Horne slams DP World cost hike on container haulage


Victorian ports minister and VTA find timing particularly egregious

Horne slams DP World cost hike on container haulage
Melissa Horne speaks at this year’s VTA conference

 

Victorian ports minister Melissa Horne has reacted with irritation to stevedore DP World Australia’s (DPWA) decision to make adjustments and hikes to container access charges and penalties in the midst of the coronavirus Covid-19 crisis.

This is Horne’s second intervention on the subject since the release of its contentious Deloitte draft report on port charges and the third by a state ports minister, with New South Wales’ David Constance and Western Australia’s Alannah MacTiernan having vented frustration at actions surrounding container access charging.

"This decision is unacceptable – especially at a time when everyone should be pulling together to keep freight moving," Horne says.

"We’re working hard to boost landside efficiency at the Port of Melbourne to get goods on and off ships quicker to help drive down costs – but stevedores also need to play their part in driving efficiencies to bring down prices. 

"We’re continuing to work closely with industry to deliver a more cost-effective and efficient port supply chain." 


Read how DP World’s latest access move was initially greeted, here


The comments follow similar ones from the Victorian Transport Association (VTA), which described DPWA’s increase to ancillary charges at its Port of Melbourne terminals and around Australia as "insensitive" and coming at a time when the transport industry was already facing economic headwinds because of the coronavirus.

In a strongly worded communication to members, VTA CEO Peter Anderson said the charges fall under non-prescribed services within the port supply chain and therefore have no regulation attached to their application.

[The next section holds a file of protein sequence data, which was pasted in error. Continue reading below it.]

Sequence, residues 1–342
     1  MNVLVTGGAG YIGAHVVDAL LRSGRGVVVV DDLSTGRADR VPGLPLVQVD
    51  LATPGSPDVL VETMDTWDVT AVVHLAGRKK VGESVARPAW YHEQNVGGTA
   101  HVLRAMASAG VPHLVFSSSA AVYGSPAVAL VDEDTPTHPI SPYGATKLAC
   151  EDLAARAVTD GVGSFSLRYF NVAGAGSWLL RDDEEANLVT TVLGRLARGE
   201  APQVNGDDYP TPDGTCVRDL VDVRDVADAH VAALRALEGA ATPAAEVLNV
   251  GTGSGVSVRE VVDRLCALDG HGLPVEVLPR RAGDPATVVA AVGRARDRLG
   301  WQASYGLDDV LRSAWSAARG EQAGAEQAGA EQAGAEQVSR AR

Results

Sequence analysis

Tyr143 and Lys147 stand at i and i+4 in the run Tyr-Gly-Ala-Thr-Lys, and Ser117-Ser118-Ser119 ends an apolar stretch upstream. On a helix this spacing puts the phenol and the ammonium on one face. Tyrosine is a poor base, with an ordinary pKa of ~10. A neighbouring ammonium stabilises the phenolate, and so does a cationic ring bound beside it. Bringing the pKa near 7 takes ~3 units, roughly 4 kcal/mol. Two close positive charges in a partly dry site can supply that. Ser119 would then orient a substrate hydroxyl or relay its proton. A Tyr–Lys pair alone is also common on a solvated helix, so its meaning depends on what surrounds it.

"Now is not the time for rate increases," Anderson says.

 "It is disappointing that at a time when the transport industry is working together as never before to overcome the catastrophe Covid-19 has unleased on Australians and the economy, DP World has opted to increase its ancillary charge on wharf carriers servicing its terminals at ports around Australia."

Anderson said the 40 per cent increase in charges for ‘no-shows’ by DPWA shows a "flagrant disregard and insensitivity to the environment every supply chain participant is facing.

"There are many businesses that are not only trying to survive with reduced revenues but are having to readjust their whole business model to try and keep their staff, at least on part pay, and to ensure that they can remain sustainable until the crisis has finished."

Anderson calls on DP World to give wharf carriers more time to prepare for the increase, which is set to take effect from May 1.

"Four weeks is not enough time to prepare customers for passing on the increase, which is what wharf carriers must do for their businesses to remain sustainable," he says.

"Wharf carriers are already doing it tough and don’t have the capacity to absorb another raid on their cash flow, which is effectively what this latest increase will create.

"It would at least show some balance if DP World Australia was to extend trading terms to 60 days and remove the late arrival fee for at least six months."

The DPWA moves come as container volumes from China, begin a steady climb after being all but stopped in their tracks by that country’s Covid-19 lockdown.

But port observers are concerned volumes from Europe are slowing to a trickle.

Critics of stevedore access charges continue to call for either a new container logistics system agreed by all parties in the containerchain or regulation to combat what is seen as the worst impacts of access charging and misuse of systems aimed at instilling discipline around container use and return.

The Victorian government argues that the review advised that there is currently no compelling case for regulation of stevedore’s charges – though it fails so far, despite ATN’s request, to release the full draught report or divulge where the recommendation comes from and how it was arrived at.

However, Horne acknowledges difficulties in the system, having told the VTA conference earlier this month that the "current model is not working particularly well", and the government says it is finalising a new Voluntary Port Performance Model for the Port of Melbourne.

This includes implementing voluntary pricing transparency arrangements for stevedore access charges which would include requesting that stevedores commit to providing greater clarity and certainty on the timing, notice period and rationale for changes in access prices.

 

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